Kurt Vonnegut seemed to like the story of Cinderella. He alluded to it often. I submit that he went so far as to write his own version. He called it Slaughterhouse-Five.
My claim may well be preposterous. Slaughterhouse-Five is not shiny or moralistic like fairy tales. It breaks most of the rules of narrative that fairy tales, particularly Cinderella, rigidly follow. Yet there it is, spelled out unequivocally: “Billy Pilgrim was Cinderella, and Cinderella was Billy Pilgrim” (145). Not much time has been spent properly unpacking that sentence, which to me is the most maddening of the whole book. In fact, it is often inappropriately trivialized, or simply avoided, in many critical circles. Is that sentence everything—the comprehension of which will suddenly prove the final puzzle piece in making sense of this most perplexing of books—or is it nothing? We like to skip over it because it makes no immediate sense and is not tangibly important to the plot. Except, it is important and must not be skipped over. So it is the purpose of the present paper to explain that sentence as best I can. If we expand Vonnegut’s equation of Billy Pilgrim and Cinderella, we may convincingly prove that Vonnegut, perhaps consciously, had Cinderella somewhere in mind when he conceived of Billy’s story. There is no single version of the story of Cinderella on which to base this comparison; our current bedtime version is surely a combination of several, primarily Charles Perrault’s centuries-old Cinderella; or, The Little Glass Slipper (which is the one we know best, thanks to Walt Disney’s uncharacteristically faithful adaptation) and the Grimm brothers’ bleaker retelling. Perhaps not surprisingly, similarities crop up everywhere, if only we take the time to look. Admittedly, this exercise may feel slightly mechanical, but I will make it a point to do more than merely compare. It is possible, for example, that the king’s ball, to which Cinderella is sent in a pumpkin-turned-carriage, is relocated to Tralfamadore in Slaughterhouse-Five—but what does that relocation mean? This is, in fact, not the only possible reading, or even the best. The ball could also be Dresden before the firestorm, or after. Each reading has its own merits and implications. Finally, it is necessary to speculate on Vonnegut’s reasons for invoking, somewhat paradoxically, a classic fairy tale—whose morality is crystal clear—in a seemingly moral-less wartime story. It has partly to do with the nature of fairy tales, which got their start in the oral tradition, and partly to do with the tragic failure of fairy tales to work their magic in certain circumstances. It is no accident that Vonnegut begins Billy’s story, which he repeatedly calls a “tale,” with the injunction to “listen.” This is not a story written for readers, but a tale told for listeners. Let us do some listening now. Vonnegut has a lot to say.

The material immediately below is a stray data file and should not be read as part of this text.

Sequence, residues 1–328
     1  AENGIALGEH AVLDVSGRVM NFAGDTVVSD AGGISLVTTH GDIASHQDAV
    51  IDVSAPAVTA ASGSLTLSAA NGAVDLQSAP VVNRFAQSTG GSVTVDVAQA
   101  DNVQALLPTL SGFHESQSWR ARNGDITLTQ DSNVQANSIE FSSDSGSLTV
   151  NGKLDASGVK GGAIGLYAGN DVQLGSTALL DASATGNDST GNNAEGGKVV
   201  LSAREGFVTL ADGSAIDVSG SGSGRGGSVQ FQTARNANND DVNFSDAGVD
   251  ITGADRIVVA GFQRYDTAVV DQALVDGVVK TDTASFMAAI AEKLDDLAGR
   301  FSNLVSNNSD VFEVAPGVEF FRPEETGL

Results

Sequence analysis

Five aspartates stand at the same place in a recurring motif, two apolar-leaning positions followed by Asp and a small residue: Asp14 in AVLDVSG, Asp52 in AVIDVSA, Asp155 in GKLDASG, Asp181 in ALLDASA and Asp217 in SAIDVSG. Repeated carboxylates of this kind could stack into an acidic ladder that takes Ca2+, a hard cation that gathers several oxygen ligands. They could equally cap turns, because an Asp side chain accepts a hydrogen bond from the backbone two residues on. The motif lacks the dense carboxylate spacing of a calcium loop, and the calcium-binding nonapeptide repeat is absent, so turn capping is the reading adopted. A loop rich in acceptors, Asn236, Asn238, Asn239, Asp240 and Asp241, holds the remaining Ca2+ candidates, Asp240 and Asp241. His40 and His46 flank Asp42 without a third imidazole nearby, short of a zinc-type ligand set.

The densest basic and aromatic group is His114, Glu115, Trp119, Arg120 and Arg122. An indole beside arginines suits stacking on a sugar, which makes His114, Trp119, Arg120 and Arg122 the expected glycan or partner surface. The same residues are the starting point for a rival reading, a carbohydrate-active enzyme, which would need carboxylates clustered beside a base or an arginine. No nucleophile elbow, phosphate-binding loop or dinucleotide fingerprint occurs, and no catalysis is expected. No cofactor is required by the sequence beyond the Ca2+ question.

For Vonnegut, it seems the story of Cinderella is the essential fairy tale—“the most popular story ever told,” he says—whose mythic structure has informed a whole history of storytelling. Cinderella’s story is not particular, but universal, which gets us to Vonnegut’s most radical point: Slaughterhouse-Five is Billy’s story as much as it is Cinderella’s—which is why Vonnegut does not stop at saying “Billy Pilgrim was Cinderella.” He makes the converse also true: “and Cinderella was Billy Pilgrim.” This point is of paramount importance and should be restated: Billy and Cinderella are the same person—but, at the same time, neither of them are real people. They are essentializations, simplifications, prototypes, archetypes, common denominators, stories in their most basic form, residers of our collective consciousness. Slaughterhouse-Five is more than a simple retelling of Cinderella; it purports to be a retelling of story. Vonnegut is, as ever, subversive; he comes off, in the first chapter, as aloof, and unhappy with “this lousy little book” (2). He radically downplays its importance but later tries to elevate it to the level of myth—an almost undetectable maneuver. This is not pretension or self-aggrandizement; it is honesty. Any story worth telling is, in some sense, the same story. Cinderella, we might say, does not exist in one time or one space; she, like Billy, exists in the past, present, and future—incidentally (or not), in a very Tralfamadorian notion of time. In his foreword to Anne Sexton’s Translations, Vonnegut says, in that characteristic “for the heck of it” style, of Cinderella, that “She became infinitely happy forever—which includes now” (ix). Cinderella was always happy, will always be happy. I think it no accident, in light of this, that Tralfamadorians see time all at once. For them, Cinderella and Billy exist simultaneously. This is Vonnegut commenting on the timelessness of stories; they can be said to exist outside time, extra-temporally. That is why Billy Pilgrim is Cinderella and Cinderella is Billy Pilgrim, and that is why we can safely proceed with comparing their two stories. But make no mistake: although the story of Cinderella and Slaughterhouse-Five are similar, they are not the same. Vonnegut is merely alerting us to the root of storytelling, from which springs an infinite number of variations.